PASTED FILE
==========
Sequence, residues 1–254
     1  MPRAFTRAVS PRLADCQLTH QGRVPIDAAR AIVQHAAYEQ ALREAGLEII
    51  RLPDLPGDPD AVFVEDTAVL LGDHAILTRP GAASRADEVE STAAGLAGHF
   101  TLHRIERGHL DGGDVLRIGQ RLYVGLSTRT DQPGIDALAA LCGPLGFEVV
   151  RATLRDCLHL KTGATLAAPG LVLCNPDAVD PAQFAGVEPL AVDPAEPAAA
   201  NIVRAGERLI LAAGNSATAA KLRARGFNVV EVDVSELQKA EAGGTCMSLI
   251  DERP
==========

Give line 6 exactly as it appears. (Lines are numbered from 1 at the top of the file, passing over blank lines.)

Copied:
   201  NIVRAGERLI LAAGNSATAA KLRARGFNVV EVDVSELQKA EAGGTCMSLI